Day 3: Jungle Joe, a Tica Massage, and Acupunture
Rubbing the sleep out of my eyes, it took a few moments to remember that I was not in my bed in Liberia, but in a comfortable bed at Villas Tortuga. Remembering what was on the agenda for today, I jumped up and was out the door in 15 minutes flat. In my haste, I had put on a pair of white shorts -- brilliant attire for a wet day on a boat.
First on the list was a kayak tour up the Montana River. We were to meet our guide, Jungle Joe, at a bar/restaurant called the Gilded Iguana. Joe could be a comedian, and he had me nearly rolling on the floor laughing before we even left the parking lot. For the third time in three days, Vincent and I returned to La Boca, near the Nosara Biological Reserve. Unloading the boats, Joe pointed out smooth red pebbles that were different than the other rocks on the dark beach.
He informed us that they weren't stones at all, but pre-Columbian artifacts more than 14,000 years old. These were shards of pottery from ancient tribes, perhaps the Chorotega, who used to inhabit this shore. Mother earth provided them with ample fish from the sea, limitless freshwater from the rivers, and cool jungle for shade. I had never knowingly handled a relic that old; it felt mysterious and powerful.
With smiles on our faces, we continued paddling. Our guide shared interesting facts along the way, while pointing out snowy egrets, and white egrets, mahoe flowers, and trogons. The mangrove trees that these creatures were perched upon can metabolize salt water. They also have no rings to distinguish their age, because the species grows year-round with no dormant season.
Finally, we reached our destination: the black sand Playa Nosara. Barefoot, we walked along the shore. Vincent laughed as I skipped around like a Mexican jumping bean on the red-hot sand to which he was completely unaffected. I told him that he must have hooves for feet to not feel the burn. Joe pointed out nests of disintegrating turtle eggs before returning to the boat, where an enormous tiger heron soared a few feet above the water. Once it landed, we paused to watch it feed. The heron was so motionless that we might have thought time had frozen still had it not been for the bright yellow butterflies dancing along the water.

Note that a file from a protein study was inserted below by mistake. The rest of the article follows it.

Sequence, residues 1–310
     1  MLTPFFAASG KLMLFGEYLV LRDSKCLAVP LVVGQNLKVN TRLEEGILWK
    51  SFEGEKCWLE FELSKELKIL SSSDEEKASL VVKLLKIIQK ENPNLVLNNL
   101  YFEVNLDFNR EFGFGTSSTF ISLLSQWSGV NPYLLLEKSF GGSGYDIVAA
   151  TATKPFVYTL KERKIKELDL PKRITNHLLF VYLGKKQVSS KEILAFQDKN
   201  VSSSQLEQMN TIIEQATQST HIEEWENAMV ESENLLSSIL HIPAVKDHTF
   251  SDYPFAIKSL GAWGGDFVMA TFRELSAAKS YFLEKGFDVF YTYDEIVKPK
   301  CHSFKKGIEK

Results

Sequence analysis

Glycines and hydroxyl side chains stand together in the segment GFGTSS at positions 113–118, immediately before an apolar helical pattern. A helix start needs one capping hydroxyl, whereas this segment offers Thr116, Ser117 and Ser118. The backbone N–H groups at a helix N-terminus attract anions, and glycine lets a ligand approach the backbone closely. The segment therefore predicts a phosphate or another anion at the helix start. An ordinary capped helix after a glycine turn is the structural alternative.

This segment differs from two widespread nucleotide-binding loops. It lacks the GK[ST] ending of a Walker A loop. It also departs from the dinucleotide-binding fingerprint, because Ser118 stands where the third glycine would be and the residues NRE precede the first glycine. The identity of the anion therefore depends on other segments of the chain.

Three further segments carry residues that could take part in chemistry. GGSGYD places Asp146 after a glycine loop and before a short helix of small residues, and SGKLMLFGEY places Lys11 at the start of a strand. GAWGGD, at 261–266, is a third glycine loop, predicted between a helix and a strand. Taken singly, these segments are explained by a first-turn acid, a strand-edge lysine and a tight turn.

On our way back to the river mouth, we came across another majestic bird, a common black hawk. The predator was creepy, and showed no fear of humans. It could have easily gauged my eyes out had it wanted, and by the looks of it all it needed was the chance. I was relieved when it flew off. Farther down the river we saw a beautiful blue Louisiana heron, and a group of snowy herons.
Next stop: the massage house at Playa Guiones. Ironically, the best massages in town are also the cheapest. The salon was built to give guests a true Costa Rican experience, while maintaining a socially responsible establishment that helps Nosara's economy. All the female therapists are Costa Rican, or Tica, and also company partners. The typical rancho-style architecture is gorgeous, with high ceilings and cool rooms. Entrepreneur Richard Jordan explained that the salon doesn't spare any expenses.
The massage was one of the best I have ever had. It began with a hot towel soaked in rosemary placed on my back. Then, the masseuse began to work her magic. All muscles that she touched simply melted. I can't describe her techniques very well, because at this point my memory gets a bit fuzzy. I drifted into a semi-dream state, as she applied perfect pressure, working my back, shoulders, and legs. Every now and then she chanted something soothing under her breath that I couldn't understand. It was the fastest hour of my life, and at the end she misted my face with cool water and silently left the room. Even though I speak Spanish, she hadn't said a single word to me the entire hour. Normally this would feel strange, but I was so relaxed I didn't have a care in the world.
As if the day weren't soothing enough, I had a 1:00 acupuncture appointment, also in the town of Guiones. Zachari was one of the most caring therapists that I have visited concerning my back problems. Extremely knowledgeable when it comes to Chinese medicine, I had no qualms about letting him poke me with needles. He noted that my psoas, "literally and physically the deepest muscle in the body," might very well be the culprit causing lower back pain. My ailment is not uncommon, Zachari said; stress and negativity tend to build up and fossilize in the psoas muscle, bringing pain and stiffness. "It is more or less the emotional garbage can of the human condition," he stated with a laugh.
His treatment called for a distal, or far away from the area of discomfort, placement of the hollow needles. Also recommended was a trial diet to see if I have any food allergies. I would have to cut out wheat, dairy, and sugar for two weeks and slowly reintegrate them into my diet, assessing my health along the way.
Vowing to attempt this experiment was easy; actually following through will be onerous if not impossible. He placed the needles, which did not feel sharp upon insertion. I felt a dull ache at the entry points, and a general floaty sensation after about 15 minutes. Zachari placed a metallic button attached to a sticker on the inside of my outer ear, in a space that directly corresponds with my lower lumbar.
On the way out, he patiently answered two of my questions about acupuncture. 1) Does the energy in the body go around the needles, like water around a metal pipe in its path? No, it is more like an electrical current that conducts the energy, helping to pull it along its natural path. 2) Do body piercing (lip, eye, nose, belly) effect how the energy runs through your body? Nobody really knows, and it might depend on where on the body the piercing is located. One of his teachers said yes, others said no.